The solar-cycle-dependent response of the thermosphere to geomagnetic storms

A. G. Burns, T. L. Killeen, W. Wang, R. G. Roble

Research output: Contribution to journalArticlepeer-review


Geomagnetic storms cause large, global-scale changes in the neutral thermosphere. But both these changes and the mechanisms that produce them are affected strongly by the background "quiet-time" thermospheric conditions. For example, the extent of the area of enhancements in the storm-time O/N2 ratio is much more restricted in winter than in summer. Seasonal changes are not the only variations in the background thermosphere that affect the storm-time response: great changes also occur as a result of the variations of solar EUV radiation over the solar cycle. Thus, the response of the neutral thermosphere to geomagnetic storms should also be expected to vary with the phase of the solar cycle. In this paper, we describe the nature of these varying responses of neutral composition and neutral temperature using runs of the National Center for Atmospheric Research's Thermosphere-Ionosphere-Electrodynamic General Circulation Model. For both solar maximum and minimum conditions, the model runs were initiated with the same background level of geomagnetic forcing (the hemispheric power was 11 GW). The power was then increased to 50 GW for 12 h to simulate a geomagnetic storm. By keeping the geomagnetic inputs the same, we have been able to isolate the effects of the changes in incoming solar EUV radiation on the storm response for the two extremes of a solar cycle. The following conclusions have been drawn from this study: (1) the regions in which the greatest increases of N2 mass mixing ratio in winter are found to occur at much lower geomagnetic latitudes during solar minimum than during solar maximum; (2) this different distribution of changes occurs because horizontal advection is more important during solar minimum than during solar maximum; (3) horizontal advection is more important during solar minimum both because equatorward winds are stronger, and because the high-latitude air is relatively more enhanced in molecular species than it is during solar maximum; (4) stronger equatorward winds occur during solar minimum because the pressure gradients driven by solar EUV heating are weaker, and thus the pressure gradient set up by high-latitude Joule heating is relatively more important; (5) in contrast to the compositional variations, storm-time temperature increases (numerical values not percentages) are greater during solar maximum than during solar minimum; (6) the initial thermal recovery from storm-time perturbations is faster during solar maximum, but then recovery rates are roughly equivalent after the first 12 h of the recovery period; (7) initial compositional recovery occurs much more rapidly at solar maximum than at solar minimum.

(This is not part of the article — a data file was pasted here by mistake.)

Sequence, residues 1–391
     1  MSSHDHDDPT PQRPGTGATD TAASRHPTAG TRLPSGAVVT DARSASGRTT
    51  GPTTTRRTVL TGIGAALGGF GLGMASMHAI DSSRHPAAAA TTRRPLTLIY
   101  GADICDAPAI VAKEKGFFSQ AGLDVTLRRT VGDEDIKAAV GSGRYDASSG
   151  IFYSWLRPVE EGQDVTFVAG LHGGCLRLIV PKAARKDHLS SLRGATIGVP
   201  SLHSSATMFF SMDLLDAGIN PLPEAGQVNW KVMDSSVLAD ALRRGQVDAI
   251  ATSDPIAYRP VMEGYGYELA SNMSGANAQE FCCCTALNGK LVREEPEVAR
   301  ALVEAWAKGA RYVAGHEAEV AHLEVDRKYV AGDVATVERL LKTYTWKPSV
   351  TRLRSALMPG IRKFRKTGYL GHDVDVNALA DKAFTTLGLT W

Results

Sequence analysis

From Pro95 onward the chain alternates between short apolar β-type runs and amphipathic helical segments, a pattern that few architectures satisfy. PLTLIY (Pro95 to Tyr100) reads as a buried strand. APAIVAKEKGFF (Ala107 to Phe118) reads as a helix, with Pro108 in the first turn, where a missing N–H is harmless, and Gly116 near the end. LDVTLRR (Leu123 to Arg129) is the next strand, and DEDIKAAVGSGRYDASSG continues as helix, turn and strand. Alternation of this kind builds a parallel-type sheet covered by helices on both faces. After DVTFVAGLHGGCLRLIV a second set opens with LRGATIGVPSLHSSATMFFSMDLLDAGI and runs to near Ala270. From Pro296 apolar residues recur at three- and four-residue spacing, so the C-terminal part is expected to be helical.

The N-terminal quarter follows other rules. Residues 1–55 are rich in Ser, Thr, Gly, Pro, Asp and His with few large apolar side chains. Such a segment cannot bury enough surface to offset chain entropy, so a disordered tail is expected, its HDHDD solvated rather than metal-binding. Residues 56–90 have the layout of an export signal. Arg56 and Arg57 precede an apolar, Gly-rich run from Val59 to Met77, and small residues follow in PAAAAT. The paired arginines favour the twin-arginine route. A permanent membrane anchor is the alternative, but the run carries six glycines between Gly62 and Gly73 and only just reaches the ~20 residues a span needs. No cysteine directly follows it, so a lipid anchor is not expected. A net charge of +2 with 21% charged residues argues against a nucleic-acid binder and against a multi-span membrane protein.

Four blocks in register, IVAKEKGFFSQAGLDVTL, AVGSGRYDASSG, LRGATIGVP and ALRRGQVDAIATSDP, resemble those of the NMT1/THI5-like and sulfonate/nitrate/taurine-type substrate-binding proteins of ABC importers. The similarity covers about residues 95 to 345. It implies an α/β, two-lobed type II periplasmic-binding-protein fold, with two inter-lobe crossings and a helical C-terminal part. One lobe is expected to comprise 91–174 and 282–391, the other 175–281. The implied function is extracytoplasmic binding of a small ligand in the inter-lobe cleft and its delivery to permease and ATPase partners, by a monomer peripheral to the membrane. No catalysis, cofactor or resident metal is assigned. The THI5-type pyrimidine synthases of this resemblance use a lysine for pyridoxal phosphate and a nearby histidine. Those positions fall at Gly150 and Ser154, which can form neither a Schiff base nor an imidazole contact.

Original languageEnglish (US)
Pages (from-to)1-14
Number of pages14
JournalJournal of Atmospheric and Solar-Terrestrial Physics
Issue number1
StatePublished - Jan 2004
Externally publishedYes


  • Composition
  • Geomagnetic storms
  • Solar EUV
  • Solar cycle
  • Temperature
  • Thermosphere

ASJC Scopus subject areas

  • Geophysics
  • Atmospheric Science
  • Space and Planetary Science


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